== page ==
Agisoft Photoscan

If you have been following this blog for some time, you will know that when it comes to Photogrammetric reconstructions I have always been a strong supporter of 123D Catch by Autodesk. I find that it is by far the easiest program to use, yet the results are still amazing.

Recently they have released a paid Pro version that provides all the same results but allows the program to be used commercially. I think that is utterly brilliant, as it means it doesn’t halt research, but it still allows revenue for the developers if the user is himself making money from the software.

Having said all this, I’ve started investigating new software, to see if there is anything that can bring improvement to what I already have with 123D Catch. Up to now, the best solution I have found is Agisoft Photoscan, which I had already used in the past but not to its full extent.

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Previously, I only managed to create low quality models, due to an error in the program, but I have now managed to make really good models of both objects and features. As such, here are the pros and cons of Photoscan compared to 123D Catch:

PROS

  • Quality: This is the best starting point. With medium and high settings the quality can be really good, and generally you can get many more points than 123D Catch. With lower settings however the results do fluctuate.
  • Control over process: If you are looking into more complex Photogrammetry this passage is very important. In 123D Catch you upload the images and get the result. That is it. In Photoscan you can go through all the stages (photo alignment, sparse cloud, dense cloud, mesh, texture) and change the settings to improve the finished product. You can even export the points as they are, and alter them using other software. It allows much more flexibility.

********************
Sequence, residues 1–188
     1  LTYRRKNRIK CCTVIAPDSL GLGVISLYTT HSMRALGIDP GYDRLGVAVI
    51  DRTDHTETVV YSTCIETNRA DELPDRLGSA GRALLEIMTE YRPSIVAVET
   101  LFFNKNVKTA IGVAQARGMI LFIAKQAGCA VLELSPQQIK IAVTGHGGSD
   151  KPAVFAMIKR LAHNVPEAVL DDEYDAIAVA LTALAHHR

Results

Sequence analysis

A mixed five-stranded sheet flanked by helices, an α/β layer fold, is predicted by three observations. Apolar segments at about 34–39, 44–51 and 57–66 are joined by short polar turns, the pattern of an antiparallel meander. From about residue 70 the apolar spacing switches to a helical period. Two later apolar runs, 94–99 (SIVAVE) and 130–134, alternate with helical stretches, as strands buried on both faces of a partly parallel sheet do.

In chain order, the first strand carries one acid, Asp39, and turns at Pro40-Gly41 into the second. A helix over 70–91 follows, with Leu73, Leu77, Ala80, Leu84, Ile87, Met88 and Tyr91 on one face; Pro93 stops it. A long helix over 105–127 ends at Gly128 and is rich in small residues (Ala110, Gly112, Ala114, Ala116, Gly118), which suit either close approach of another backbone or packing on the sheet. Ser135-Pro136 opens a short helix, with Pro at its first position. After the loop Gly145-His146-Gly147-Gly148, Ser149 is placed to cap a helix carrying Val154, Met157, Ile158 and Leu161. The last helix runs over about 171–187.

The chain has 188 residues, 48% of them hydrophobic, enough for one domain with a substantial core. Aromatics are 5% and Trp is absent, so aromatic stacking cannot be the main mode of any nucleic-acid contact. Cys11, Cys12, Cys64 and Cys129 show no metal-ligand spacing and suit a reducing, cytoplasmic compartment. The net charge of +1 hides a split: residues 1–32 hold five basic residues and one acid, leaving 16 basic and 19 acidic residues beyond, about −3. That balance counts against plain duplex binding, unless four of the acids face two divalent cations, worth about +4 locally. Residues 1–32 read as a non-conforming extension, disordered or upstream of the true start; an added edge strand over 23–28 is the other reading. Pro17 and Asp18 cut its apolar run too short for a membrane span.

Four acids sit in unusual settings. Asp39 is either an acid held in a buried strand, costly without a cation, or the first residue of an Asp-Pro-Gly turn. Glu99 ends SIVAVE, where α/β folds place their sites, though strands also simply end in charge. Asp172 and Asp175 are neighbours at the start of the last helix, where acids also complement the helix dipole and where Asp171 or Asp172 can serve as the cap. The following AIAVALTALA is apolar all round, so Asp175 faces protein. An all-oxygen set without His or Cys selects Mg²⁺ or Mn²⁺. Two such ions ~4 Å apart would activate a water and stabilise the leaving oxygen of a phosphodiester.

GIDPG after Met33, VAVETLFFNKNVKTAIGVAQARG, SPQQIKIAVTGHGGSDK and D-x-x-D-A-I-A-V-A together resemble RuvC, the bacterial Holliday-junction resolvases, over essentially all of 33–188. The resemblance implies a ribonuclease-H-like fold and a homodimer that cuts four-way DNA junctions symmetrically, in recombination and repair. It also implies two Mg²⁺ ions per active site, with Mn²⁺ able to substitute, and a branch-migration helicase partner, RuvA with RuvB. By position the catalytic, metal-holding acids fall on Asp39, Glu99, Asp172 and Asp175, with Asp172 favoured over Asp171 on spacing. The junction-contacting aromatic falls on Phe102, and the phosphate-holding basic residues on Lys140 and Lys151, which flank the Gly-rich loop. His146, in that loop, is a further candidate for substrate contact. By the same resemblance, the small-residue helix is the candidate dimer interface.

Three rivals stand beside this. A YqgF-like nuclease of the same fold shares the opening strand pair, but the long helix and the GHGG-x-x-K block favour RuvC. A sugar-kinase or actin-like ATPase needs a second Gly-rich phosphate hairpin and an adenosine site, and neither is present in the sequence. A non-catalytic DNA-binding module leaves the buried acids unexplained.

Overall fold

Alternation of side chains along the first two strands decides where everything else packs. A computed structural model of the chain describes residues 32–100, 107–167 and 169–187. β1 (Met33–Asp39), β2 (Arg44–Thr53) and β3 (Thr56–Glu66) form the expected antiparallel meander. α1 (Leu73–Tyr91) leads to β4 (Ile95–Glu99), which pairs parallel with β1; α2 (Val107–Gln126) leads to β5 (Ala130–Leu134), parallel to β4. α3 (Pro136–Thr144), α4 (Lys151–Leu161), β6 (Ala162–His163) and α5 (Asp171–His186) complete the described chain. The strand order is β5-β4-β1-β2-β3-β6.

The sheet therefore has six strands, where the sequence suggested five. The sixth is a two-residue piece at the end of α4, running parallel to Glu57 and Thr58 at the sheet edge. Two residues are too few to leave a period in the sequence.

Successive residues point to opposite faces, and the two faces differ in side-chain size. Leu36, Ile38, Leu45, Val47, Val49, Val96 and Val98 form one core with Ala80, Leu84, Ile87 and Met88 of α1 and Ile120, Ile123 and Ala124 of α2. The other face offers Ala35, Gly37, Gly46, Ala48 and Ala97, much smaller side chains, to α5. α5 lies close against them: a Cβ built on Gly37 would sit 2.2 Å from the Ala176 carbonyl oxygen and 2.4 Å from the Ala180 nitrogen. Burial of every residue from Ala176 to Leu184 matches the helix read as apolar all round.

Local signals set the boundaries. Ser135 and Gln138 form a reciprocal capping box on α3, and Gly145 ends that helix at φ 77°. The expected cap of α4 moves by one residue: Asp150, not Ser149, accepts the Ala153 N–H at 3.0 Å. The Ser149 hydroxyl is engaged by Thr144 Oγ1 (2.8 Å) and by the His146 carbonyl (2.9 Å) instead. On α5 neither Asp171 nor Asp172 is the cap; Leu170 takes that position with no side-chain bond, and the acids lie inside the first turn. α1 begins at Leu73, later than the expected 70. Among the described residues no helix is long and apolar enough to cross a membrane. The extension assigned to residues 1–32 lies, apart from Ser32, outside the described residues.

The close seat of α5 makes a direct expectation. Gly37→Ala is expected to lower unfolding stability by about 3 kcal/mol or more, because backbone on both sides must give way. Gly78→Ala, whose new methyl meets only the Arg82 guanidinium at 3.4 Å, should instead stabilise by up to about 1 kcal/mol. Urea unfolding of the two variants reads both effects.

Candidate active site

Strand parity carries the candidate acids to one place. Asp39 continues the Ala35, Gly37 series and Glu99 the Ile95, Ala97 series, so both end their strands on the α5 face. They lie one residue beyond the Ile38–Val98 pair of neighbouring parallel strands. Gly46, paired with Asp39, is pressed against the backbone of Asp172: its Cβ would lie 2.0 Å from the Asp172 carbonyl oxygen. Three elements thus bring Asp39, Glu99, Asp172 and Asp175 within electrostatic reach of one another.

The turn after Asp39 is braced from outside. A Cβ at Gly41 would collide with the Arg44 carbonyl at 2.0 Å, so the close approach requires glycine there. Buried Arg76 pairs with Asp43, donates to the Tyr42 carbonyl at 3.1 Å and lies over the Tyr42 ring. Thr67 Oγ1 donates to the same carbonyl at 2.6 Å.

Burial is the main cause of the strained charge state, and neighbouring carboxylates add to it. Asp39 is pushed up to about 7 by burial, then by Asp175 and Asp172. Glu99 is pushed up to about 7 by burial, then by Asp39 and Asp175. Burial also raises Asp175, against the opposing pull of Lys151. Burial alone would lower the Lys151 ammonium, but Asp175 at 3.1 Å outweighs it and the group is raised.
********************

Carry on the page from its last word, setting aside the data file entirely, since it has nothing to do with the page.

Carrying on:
• More tools: You can select points, create masks, remove points based on certain parameters and more. Often these are not needed, but on occasion they can be just what you require.
  • Many photos: 123D Catch struggles when you upload more than 50 photographs, and the results suffer. In Photoscan this issue doesn’t exist, and you can easily make models with hundreds of images. This is perfect for making large scale models, as the more images you have, the more accurate it is.
  • No internet required: Often you find yourself in situations in which the internet is not great or is totally non-existent. Photoscan doesn’t need a connecetion to an external server to process the model, so even if the computer is not connected, it still works.

Cons

  • Paid software: Although as software goes this is well priced, for people doing non-commercial work it is always difficult to have to keep up with the expenses for programs.
  • Memory: 123D Catch uses an external server, which means it does not use your own computing power. If you are trying to get high quality models, Photoscan will put a serious strain on your computer, and often it will even crash due to insufficient memory.
  • Time: I can get a model done in 123D Catch in 5 minutes if the internet is good. The worst I have ever had is probably an hour. With Photoscan I have had to wait actual days for models to be complete, and sometimes I waited many hours before getting an insufficient memory message.
  • Simplicity: If you are just starting out with Photogrammetry 123D Catch is still the easiest of all programs I have used.

Overall, I think I would use 123D Catch for small scale and quick stuff, while Photoscan would be useful for large scale, or when I am trying to research something specific, so I am more in control of the results.

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